"Sir," said the Fox, "ye need not take it ill,
For it was you yourself that started it."
" All right," the Wolf said,"These stots I remit;
But I must see this kebbuck o' great price."
"Fine," said the Fox, " he told me where it lies."

21. Then side by side they set out ower the hill;
The Farmer to his home has made his way ,
Relieved indeed that he'd escaped such ill;
He stood on guard, though, until the next day.
And now, to Fox and Wolf return we may;
Across the moors and fields these rogues did fare
For long enough; until midnight or mair.

22. Lowrence was aye rehearsing, in his head,
The tricks with which he could the Wolf beguile;
Of summer cheese a promise he had made.
Then finally he hit upon a wile,
The very thought of which caused him to smile.
The Wolf said, "Lowrence, I begin to think ye're blind;
We've looked all night, and nothing can we find."

23. "Sir," said the Fox, "hang on, we're almost there.
Contain yourself, and ye shall see it soon."
Now, he had seen a manor house quite near;
Cloudless the sky, and quite full was the moon.
A well was there, with doubled rope hung down
With buckets two, which on each end did hang;
As one came up, the other down would gang.

24. The moon's reflection shone down in the well.
"Sir," said the Fox, "have I not served ye weel?
Look, and ye'll see that kebbuck for yersel',
White as a neep, as round's a royal seal.
It's hidden there so nae man could it steal.
Believe you me, that kebbuck ye see there
Would make a royal gift beyond compare."

25. "Weel," said the Wolf, "if I could only have
That kebbuck up beside me, ye will see
That I will quit he carl o' all the lave;
I think his dirty stots not worth a flea;
That cheese is better meat for men like me.
Lowrence," he said, "get in that bucket noo,
And I will hold the other till ye're through."

26. Down went the Fox, still acting out the play;
His weight then made the other bucket rise.
" Nae use!" he called up, "it's too big for me;
Hardly a nail is left upon my taes!
Ye'll need to lend a hand to lift this cheese!
Jump in that empty bucket, come doon here,
And both of us will manage it, nae fear."

27. The Wolf right eagerly into the bucket hopped;
His great weight made the other bucket rise;
The Fox shot up as down the Wolf was dropped.
The Wolf cried to the Fox in great surprise,
"I'm going doon, why do ye upward rise?"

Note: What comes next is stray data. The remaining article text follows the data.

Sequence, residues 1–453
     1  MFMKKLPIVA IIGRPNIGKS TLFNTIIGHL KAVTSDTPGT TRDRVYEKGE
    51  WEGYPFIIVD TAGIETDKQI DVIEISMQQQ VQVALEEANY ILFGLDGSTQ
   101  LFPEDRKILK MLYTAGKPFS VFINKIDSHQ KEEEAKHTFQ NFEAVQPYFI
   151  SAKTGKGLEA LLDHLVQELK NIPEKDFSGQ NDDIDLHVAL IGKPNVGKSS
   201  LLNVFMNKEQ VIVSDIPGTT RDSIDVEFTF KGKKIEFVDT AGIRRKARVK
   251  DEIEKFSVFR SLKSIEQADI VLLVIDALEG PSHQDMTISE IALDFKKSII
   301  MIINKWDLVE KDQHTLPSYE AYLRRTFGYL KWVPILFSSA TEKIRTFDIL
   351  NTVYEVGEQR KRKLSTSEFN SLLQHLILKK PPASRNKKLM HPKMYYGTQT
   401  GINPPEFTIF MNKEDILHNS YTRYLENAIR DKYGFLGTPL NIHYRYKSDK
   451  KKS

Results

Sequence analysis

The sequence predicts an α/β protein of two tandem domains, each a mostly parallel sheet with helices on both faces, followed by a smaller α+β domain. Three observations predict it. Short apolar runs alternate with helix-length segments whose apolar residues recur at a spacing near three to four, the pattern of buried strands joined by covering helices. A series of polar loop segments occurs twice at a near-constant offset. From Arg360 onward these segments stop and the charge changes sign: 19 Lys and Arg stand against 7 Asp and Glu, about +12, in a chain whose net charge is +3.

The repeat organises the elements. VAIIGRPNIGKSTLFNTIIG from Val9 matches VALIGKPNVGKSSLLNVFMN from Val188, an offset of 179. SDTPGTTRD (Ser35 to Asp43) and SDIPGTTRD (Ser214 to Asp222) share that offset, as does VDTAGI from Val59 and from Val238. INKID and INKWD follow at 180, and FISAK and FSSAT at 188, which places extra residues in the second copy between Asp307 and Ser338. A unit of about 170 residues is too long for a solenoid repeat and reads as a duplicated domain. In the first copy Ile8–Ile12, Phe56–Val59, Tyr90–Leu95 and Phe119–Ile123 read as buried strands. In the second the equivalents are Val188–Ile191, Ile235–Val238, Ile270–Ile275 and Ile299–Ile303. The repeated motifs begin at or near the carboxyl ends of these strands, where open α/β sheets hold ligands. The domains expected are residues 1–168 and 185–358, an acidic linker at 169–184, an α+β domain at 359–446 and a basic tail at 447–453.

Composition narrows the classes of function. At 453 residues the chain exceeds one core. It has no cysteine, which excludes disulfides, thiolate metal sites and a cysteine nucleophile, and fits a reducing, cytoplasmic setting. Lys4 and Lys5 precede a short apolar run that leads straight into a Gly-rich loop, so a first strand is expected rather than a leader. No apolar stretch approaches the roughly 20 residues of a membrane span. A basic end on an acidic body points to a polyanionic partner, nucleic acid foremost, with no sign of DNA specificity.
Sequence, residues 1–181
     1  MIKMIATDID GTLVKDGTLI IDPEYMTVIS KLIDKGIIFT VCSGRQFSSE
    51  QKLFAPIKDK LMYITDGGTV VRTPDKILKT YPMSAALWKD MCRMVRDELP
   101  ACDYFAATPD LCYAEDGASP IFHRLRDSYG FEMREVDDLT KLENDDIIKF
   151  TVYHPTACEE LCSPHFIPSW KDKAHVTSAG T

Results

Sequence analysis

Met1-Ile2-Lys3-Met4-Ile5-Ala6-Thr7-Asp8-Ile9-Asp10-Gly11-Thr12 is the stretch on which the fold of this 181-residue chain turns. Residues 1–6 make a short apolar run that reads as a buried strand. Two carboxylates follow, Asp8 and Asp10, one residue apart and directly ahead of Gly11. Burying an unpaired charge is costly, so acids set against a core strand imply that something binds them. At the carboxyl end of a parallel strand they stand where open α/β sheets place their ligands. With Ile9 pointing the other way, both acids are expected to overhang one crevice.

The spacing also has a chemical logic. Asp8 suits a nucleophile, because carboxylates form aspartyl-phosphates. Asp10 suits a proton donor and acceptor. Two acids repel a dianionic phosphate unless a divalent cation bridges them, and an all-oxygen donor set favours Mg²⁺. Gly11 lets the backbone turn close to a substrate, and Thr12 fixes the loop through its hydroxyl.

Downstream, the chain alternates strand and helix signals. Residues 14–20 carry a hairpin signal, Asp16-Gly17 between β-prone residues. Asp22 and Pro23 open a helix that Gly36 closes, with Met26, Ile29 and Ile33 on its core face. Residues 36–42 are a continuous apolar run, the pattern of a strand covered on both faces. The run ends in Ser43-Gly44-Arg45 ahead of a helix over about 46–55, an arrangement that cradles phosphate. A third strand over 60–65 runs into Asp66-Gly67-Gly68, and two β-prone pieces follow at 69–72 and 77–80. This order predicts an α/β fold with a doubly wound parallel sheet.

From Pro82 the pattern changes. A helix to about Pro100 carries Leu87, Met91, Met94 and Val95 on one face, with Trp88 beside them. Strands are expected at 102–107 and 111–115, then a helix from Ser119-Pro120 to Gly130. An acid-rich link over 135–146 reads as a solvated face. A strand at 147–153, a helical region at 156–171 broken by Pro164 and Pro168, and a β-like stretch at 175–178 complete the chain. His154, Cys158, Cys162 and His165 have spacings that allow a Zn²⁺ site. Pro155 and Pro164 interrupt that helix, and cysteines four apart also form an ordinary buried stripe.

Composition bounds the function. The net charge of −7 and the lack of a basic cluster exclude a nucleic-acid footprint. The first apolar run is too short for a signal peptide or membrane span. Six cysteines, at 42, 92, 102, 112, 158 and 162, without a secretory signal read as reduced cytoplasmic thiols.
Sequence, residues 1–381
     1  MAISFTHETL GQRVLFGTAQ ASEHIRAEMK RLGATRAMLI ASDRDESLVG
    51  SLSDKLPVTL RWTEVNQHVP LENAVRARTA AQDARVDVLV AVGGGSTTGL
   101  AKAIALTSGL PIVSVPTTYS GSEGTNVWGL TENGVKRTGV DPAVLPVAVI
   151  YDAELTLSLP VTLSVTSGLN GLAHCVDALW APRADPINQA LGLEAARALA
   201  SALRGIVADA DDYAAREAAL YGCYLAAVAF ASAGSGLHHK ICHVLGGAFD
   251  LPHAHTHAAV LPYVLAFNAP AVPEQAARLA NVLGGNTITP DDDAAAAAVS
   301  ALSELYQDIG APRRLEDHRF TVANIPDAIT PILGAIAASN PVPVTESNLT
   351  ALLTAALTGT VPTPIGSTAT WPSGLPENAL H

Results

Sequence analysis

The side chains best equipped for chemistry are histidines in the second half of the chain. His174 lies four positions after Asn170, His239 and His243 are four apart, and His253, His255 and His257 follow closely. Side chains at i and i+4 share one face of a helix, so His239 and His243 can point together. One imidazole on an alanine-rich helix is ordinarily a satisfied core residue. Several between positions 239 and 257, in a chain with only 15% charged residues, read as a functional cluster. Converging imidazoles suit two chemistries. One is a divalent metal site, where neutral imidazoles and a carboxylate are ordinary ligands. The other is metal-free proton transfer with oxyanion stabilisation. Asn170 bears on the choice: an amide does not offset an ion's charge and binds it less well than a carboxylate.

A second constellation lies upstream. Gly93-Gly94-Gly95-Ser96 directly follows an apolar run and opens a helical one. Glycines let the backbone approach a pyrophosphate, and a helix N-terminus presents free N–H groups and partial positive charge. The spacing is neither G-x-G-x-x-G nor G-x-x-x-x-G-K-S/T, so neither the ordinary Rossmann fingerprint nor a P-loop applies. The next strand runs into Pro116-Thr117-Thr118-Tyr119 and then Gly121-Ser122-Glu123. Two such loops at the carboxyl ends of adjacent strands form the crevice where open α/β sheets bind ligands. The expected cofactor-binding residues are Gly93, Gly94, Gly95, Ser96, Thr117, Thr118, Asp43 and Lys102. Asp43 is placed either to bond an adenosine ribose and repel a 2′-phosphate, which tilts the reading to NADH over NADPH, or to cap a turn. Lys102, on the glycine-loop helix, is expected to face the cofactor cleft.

"Sir," said the Fox, " this is your Dame Fortune;
As ane comes up, she hurls anither doon!"

28. The Wolf then hit the bottom with a splash;
The Fox ran off, leaving the Wolf to yell,
In water cold, up to his waist awash;
I do not know who pulled him from that well.
Here ends the story; there's no more to tell,
But now I seek a good morality,
Which we can use, though this a Fable be.


29. This Wolf I liken to a wicked man
Who does the poor oppress in every place;
Despoiling them in every way he can
By twisting law, and suchlike wickedness;
I call the Fox the Fiend into this case,
Urging his prey into unrighteous ways,
So he can claim them when they end their days.

30. The Farmer may be called an upright man,
Whom the Fiend tries in danger's path to lead;
To catch his soul forever is his plan.
The hens are penance done for foolish deed;
From penance done, no evil can proceed.
On wicked men, evil rebounds again
Right often; and upon them falls the pain.

31. The hills and woods, where the Wolf rules by strength,
Are worldly wealth, which men aye try to get;
Those who depend on them are tricked at length;
Wealth is the lure which baits the Devil's net,
Which he at all times for mankind has set.
Who finds himself ensnared, as in this case,
Will find escape too hard, without God's grace.

32. The kebbuck here can stand as covetice,
Which easily into our thoughts can creep;
Beware the lure of that unholy vice,
Like a reflection, an illusion cheap,
Into the bucket causing men to leap,
Rushing them downwards to the pains of Hell;
God keep all Christians from that grisly well!